After Rep. Doggett introduced a Texas-specific provision into the federal legislation requiring Texas to use the money for education and not divert it to other programs, Gov. Rick Perry originally threatened a lawsuit.
"Texas will not surrender to Washington's one-size-fits-all, deficit spending mindset," said Perry in a statement.
Clay Robison, spokesman for the Texas State Teachers Association, disagrees with Perry's assessment.
"All it required him to do is basically say the state will make its commitment to do its best effort to keep the state's share of school funding the way it is now," Robison told the San Angelo Standard-Times.
Democrats have said they added the provision because of the way many states mishandled last year's federal stimulus money. Doggett, who led the effort, has said the way state lawmakers handled stimulus funds was an abuse of the intent of the federal stimulus act, and that his provision will ensure Texas state officials won't divert federal education dollars to other parts of the budget.
Doggett's amendment has inspired editorials in The Dallas Morning News called, "Is Washington Picking on Texas?" And some education groups believe that the amendment should apply to other states too.
"We don't think it's fair that they're just singling out Texas," Debbie Ratcliffe, a spokeswoman for the Texas Education Agency told The Associated Press. "If this is a good idea, then why not make it apply to all states?"
"We have listened to the needs of parents and school leaders across Texas, we overcame the opposition of the Obama Administration, and we are writing into federal law a requirement that federal education dollars not be diverted again from local schools..." said Congressman Doggett in a statement. "Compliance is very easy, unless there remains a hidden Republican agenda to avoid accountability and to engage in more of the shenanigans of last year, which replaced state education dollars with federal dollars, leaving our schools no better off than if we had done nothing. Instead of concocting phony legalistic arguments to deny our local schools the funds that they so desperately need, Governor Perry should join with us in support of public education."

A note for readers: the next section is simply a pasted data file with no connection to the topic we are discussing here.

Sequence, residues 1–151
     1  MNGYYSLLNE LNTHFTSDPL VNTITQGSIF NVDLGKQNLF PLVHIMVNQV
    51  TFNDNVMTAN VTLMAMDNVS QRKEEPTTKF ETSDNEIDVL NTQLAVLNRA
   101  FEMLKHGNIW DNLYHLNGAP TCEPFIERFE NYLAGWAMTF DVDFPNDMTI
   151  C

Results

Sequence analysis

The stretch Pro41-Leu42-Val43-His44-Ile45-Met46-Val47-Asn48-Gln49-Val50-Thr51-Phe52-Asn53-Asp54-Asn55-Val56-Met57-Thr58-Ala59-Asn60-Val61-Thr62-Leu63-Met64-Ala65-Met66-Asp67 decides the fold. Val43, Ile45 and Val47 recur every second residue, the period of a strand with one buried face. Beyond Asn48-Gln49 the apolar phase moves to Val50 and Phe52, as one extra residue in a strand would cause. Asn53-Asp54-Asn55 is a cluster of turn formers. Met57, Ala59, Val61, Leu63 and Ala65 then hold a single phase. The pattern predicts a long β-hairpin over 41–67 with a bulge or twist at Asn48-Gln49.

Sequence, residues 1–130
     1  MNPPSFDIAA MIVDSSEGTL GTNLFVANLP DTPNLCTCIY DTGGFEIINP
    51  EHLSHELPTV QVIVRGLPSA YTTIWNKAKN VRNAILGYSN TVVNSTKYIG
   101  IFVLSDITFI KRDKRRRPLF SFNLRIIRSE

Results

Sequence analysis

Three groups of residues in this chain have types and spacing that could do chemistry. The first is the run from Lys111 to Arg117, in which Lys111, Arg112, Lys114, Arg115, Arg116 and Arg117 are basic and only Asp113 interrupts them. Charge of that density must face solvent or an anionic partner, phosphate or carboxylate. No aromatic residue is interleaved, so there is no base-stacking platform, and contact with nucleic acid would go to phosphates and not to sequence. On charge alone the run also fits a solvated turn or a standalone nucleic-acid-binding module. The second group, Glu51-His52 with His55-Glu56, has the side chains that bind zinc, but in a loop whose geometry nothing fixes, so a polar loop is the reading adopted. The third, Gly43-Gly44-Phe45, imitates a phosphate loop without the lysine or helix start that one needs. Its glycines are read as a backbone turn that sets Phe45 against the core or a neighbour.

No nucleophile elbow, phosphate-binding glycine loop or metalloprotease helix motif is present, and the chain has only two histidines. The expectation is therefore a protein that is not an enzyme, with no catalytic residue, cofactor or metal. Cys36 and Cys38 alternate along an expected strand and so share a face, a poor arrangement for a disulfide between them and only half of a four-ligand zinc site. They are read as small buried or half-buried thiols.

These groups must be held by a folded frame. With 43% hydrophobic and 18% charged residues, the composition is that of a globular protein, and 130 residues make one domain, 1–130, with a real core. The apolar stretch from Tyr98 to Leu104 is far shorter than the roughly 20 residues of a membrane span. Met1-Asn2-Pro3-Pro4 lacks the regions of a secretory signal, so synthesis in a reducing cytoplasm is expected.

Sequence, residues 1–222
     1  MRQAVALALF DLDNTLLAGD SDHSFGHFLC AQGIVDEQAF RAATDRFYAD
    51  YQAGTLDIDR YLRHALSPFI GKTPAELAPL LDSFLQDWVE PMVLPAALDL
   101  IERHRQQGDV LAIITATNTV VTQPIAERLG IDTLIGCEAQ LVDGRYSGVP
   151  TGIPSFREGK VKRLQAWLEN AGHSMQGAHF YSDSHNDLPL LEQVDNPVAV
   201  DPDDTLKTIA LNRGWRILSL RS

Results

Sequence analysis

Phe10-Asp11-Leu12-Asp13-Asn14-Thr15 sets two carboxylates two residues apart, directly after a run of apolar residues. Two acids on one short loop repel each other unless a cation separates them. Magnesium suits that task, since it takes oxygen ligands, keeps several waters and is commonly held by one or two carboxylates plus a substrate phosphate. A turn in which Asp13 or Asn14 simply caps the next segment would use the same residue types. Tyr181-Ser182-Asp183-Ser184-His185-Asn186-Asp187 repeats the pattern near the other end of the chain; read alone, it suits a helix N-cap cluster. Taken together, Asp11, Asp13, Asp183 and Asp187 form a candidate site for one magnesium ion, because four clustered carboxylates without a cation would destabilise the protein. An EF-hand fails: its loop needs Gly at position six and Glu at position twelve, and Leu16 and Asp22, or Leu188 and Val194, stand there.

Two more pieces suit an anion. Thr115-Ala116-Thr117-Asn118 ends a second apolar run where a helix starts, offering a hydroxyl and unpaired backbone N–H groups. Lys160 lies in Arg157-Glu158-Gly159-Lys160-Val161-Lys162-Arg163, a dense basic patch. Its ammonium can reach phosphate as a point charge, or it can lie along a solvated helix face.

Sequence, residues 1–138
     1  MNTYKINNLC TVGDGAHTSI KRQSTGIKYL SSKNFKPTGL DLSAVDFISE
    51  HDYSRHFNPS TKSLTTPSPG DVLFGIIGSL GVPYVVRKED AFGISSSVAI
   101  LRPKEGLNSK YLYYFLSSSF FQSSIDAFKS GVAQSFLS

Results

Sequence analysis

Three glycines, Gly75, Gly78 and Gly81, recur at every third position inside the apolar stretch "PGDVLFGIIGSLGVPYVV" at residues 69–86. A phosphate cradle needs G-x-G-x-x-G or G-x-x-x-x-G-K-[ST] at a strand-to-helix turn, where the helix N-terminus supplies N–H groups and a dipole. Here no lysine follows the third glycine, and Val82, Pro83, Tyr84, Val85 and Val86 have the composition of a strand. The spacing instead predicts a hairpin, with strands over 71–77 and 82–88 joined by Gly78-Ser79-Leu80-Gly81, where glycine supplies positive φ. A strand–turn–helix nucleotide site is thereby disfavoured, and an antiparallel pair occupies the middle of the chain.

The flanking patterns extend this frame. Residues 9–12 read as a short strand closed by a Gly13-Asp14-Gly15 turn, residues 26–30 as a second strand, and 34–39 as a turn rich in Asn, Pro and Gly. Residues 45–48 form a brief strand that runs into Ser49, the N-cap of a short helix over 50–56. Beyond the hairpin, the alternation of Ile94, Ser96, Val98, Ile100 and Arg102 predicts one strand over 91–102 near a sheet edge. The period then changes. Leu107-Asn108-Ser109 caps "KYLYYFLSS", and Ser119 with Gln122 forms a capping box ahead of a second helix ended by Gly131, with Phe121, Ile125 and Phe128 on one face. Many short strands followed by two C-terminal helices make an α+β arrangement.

But beyond lawmaker's attempts to close the legal loopholes, public censure has been highly effective.
Soon after Steinberg's comments were printed in The Sacramento Bee last week, Steinberg and Assembly Speaker John Pérez met with Education Coalition leaders to discuss the fate of the federal money. Sen. Barbara Boxer (D-Calif.), meanwhile, issued a pointed statement: "This funding can only be used to save education jobs that serve our children in public schools - and nothing else."
A few days later Steinberg announced he had amended state legislation "to allocate funds to appropriate $1.2 billion to the state Department of Education as soon as California receives the funds from the federal government pursuant to the federal Education Jobs and Medicaid Assistance Act." His press secretary spread the word on Twitter, but calls to Steinberg's office were not returned.